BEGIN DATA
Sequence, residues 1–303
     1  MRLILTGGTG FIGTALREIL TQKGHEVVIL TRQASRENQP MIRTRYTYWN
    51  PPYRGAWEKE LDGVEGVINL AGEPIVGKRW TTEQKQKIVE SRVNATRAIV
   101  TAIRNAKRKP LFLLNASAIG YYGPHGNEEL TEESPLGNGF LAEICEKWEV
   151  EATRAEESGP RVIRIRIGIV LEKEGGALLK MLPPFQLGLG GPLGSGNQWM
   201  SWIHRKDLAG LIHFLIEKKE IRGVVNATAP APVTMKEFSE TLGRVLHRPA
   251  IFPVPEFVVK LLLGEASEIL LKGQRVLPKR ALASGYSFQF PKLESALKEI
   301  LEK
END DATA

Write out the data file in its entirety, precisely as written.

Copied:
Sequence, residues 1–303
     1  MRLILTGGTG FIGTALREIL TQKGHEVVIL TRQASRENQP MIRTRYTYWN
    51  PPYRGAWEKE LDGVEGVINL AGEPIVGKRW TTEQKQKIVE SRVNATRAIV
   101  TAIRNAKRKP LFLLNASAIG YYGPHGNEEL TEESPLGNGF LAEICEKWEV
   151  EATRAEESGP RVIRIRIGIV LEKEGGALLK MLPPFQLGLG GPLGSGNQWM
   201  SWIHRKDLAG LIHFLIEKKE IRGVVNATAP APVTMKEFSE TLGRVLHRPA
   251  IFPVPEFVVK LLLGEASEIL LKGQRVLPKR ALASGYSFQF PKLESALKEI
   301  LEK